“Therefore, to meet the formation needs of the present and future,” §9 adds, “the Plenary Council commits the Church in Australia to developing and committing to a culture of life-long faith

In our next LG31 forum we will discuss how to implement these decrees, looking particularly at what ACI can offer.

Please join us for this important event.

REGISTER FOR THE NEXT LG31 FORUM ON FORMATION FOR THE LAY APOSTOLATE

Date: Thursday 28 July 2022

Time: 7pm AEST

Registration: https://us02web.zoom.us/meeting/register/tZwpdequrTssE9bwDut7c1Woqx0peD4mAO-t

SOURCES

Formation and Leadership for Mission and Ministry (Australian Plenary Council)

2022: Australian Plenary Council: Formation (Australian Cardijn Institute)

Leadership for Mission (Australian Cardijn Institute)

Plenary Council prioritises lay apostolate formation

The Australian Plenary Council, which concluded last week, has prioritised formation for the apostolate of the laity in its Decree on “Formation and Leadership for Mission and Ministry.”

“Responding to the call for a renewal of formation,” reads §7 of the introduction to Decree 6,, “the Plenary Council endorses principles and strategies that develop models of formation to encourage and strengthen the apostolate of the laity in the world. “

It continues with a strong endorsement of the see-judge-act method for this formation:

This apostolate offers a particular prophetic sign by seeking the common good and by concrete actions that protect and promote human dignity, peace and justice. Attentive to the ‘signs of the times’, movements of the lay apostolate, in their various forms, offer the baptised a way to reflect on the concrete experiences of their lives in the light of the Gospel and engage as missionary disciples in the world.

As a means for formation, the apostolate of the laity is grounded in scriptural reflection, reception of the ecclesial wisdom of our tradition, and prayerful communal discernment. This formation shapes Christian engagement with the broader Australian community through listening and dialogue, and supports actions for the transformation of society through daily commitment and public witness.

“Therefore, to meet the formation needs of the present and future,” §9 adds, “the Plenary Council commits the Church in Australia to developing and committing to a culture of life-long faith formation that will ensure:

a. the diversity of the Catholic community is explicitly recognised;

b. intercultural competency is encouraged, especially in relation to Aboriginal and Torres Strait Islander cultures and spiritualities;

c. the equal dignity of women and men is affirmed and demonstrated;

d. the renewal of faith formation within and for families in the context of the critical role that marriage, parenting, and care-giving plays as a school of formation, is prioritised and strengthened;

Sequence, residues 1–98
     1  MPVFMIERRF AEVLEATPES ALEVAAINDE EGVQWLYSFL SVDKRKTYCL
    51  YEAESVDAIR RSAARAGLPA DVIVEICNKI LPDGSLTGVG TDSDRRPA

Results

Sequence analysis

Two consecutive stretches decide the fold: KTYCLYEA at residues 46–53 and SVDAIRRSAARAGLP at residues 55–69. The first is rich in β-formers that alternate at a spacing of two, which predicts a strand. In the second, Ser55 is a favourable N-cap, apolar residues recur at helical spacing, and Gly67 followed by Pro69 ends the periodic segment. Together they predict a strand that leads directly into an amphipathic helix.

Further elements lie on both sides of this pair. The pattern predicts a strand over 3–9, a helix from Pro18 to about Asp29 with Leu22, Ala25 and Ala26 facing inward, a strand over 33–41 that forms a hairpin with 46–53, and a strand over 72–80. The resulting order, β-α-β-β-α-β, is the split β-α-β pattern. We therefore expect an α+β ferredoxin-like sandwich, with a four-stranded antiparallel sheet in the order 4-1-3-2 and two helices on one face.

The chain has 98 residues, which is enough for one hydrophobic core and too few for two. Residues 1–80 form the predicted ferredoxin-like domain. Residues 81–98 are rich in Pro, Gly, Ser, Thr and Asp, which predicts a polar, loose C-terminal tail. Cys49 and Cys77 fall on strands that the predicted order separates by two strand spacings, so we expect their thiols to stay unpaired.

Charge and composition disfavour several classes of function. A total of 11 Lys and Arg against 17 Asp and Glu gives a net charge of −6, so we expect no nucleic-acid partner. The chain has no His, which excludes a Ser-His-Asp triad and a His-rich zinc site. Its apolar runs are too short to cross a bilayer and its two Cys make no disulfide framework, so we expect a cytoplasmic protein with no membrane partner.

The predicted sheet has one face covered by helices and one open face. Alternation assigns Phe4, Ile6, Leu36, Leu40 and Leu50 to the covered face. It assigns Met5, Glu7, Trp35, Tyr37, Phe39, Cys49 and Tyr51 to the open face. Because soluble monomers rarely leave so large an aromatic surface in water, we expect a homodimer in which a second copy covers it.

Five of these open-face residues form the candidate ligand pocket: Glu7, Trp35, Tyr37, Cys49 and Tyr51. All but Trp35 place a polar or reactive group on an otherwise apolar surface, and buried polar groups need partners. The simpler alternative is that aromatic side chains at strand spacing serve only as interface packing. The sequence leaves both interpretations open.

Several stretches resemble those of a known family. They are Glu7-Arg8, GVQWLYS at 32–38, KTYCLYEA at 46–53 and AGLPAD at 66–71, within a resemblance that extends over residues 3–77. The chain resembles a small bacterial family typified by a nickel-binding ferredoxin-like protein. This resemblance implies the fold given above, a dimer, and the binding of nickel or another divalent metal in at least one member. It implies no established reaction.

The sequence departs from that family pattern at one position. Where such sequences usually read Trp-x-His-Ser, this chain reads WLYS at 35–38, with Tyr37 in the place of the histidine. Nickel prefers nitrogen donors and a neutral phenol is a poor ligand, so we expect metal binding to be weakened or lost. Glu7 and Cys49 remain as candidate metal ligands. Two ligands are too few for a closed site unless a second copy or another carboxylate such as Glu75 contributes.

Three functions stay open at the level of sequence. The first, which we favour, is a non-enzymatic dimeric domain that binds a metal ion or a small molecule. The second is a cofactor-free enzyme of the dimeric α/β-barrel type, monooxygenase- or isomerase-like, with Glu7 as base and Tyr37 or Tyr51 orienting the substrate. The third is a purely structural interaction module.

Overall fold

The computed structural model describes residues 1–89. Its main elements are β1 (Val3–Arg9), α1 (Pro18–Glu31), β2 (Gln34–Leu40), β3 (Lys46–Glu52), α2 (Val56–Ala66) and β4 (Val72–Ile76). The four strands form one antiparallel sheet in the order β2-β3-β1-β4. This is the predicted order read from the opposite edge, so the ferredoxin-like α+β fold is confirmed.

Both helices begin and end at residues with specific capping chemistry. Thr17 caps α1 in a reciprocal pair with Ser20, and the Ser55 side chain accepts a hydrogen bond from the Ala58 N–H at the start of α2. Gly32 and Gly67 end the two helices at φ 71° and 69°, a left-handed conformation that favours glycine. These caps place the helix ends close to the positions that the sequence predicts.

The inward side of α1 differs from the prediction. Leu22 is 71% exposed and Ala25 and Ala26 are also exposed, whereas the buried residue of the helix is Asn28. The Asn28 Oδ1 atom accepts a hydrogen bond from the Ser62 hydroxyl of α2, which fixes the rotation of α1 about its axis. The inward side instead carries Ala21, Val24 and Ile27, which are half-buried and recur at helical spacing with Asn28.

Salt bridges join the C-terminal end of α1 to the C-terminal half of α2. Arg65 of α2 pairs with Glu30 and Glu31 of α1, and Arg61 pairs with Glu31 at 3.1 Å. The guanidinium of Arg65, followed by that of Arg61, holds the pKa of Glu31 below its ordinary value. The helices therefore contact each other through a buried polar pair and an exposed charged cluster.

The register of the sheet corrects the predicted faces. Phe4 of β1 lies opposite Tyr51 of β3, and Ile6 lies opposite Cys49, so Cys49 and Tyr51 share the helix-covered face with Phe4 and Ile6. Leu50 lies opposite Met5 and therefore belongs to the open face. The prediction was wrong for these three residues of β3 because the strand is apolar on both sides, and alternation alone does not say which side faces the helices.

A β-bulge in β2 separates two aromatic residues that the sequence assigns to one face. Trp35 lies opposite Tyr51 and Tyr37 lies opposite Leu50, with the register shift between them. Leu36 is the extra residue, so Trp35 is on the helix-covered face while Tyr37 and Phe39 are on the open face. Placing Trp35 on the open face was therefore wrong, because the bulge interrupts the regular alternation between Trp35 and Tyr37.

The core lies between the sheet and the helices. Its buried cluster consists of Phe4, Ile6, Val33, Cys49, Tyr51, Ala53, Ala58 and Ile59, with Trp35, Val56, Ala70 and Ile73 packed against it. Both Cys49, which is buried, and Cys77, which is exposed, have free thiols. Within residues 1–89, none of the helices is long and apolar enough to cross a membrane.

e. the apostolate of the laity, along with new ecclesial realities, acting as “leaven in the world,” (Lumen Gentium n. 31) is promoted, encouraged and supported;

f. the hopes, spirituality, giftedness, energy, and modes of communication and connection of young people are identified, incorporated, encouraged and celebrated;

g. ongoing support and strategies for those who minister to young people;

h. the rich variety of spiritual and devotional traditions of the Church are appreciated and celebrated; and

i. synodal practices such as encounter, accompaniment, listening, dialogue, discernment, and collaboration are fostered and deepened.

“By commiting the Australian Church to promoting the apostolate of the laity as a ‘leaven in the world,’ the Plenary has renewed the Vatican II emphasis on lay apostolate formation,” ACI secretary, Stefan Gigacz commented.

“This offers a clear direction to the work of the whole Australian Church,” he added. “It is also a major encouragement to ACI in its own work of promoting the spirituality and methods of Joseph Cardijn, who did so much to bring the lay apostolate to the forefront.”

The decrees of the Plenary Council will now be sent to Rome for ratification. Once this is completed, they will become binding on the Australian Church.

SOURCES

Formation and Leadership for Mission and Ministry (Australian Plenary Council)

2022: Australian Plenary Council: Formation (Australian Cardijn Institute)

Forum: Lumen Gentium 31 and the lay apostolate

The Australian Plenary Council has published its Framework for Motions to be discussed at its Second Assembly which will meet in Sydney from 4-9 July 2022.

Once again, ACI’s concern was the lack of emphasis on the lay vocation or apostolate of lay people. See also Fr Bruce Duncan’s critique of the Framework, which expresses similar concerns.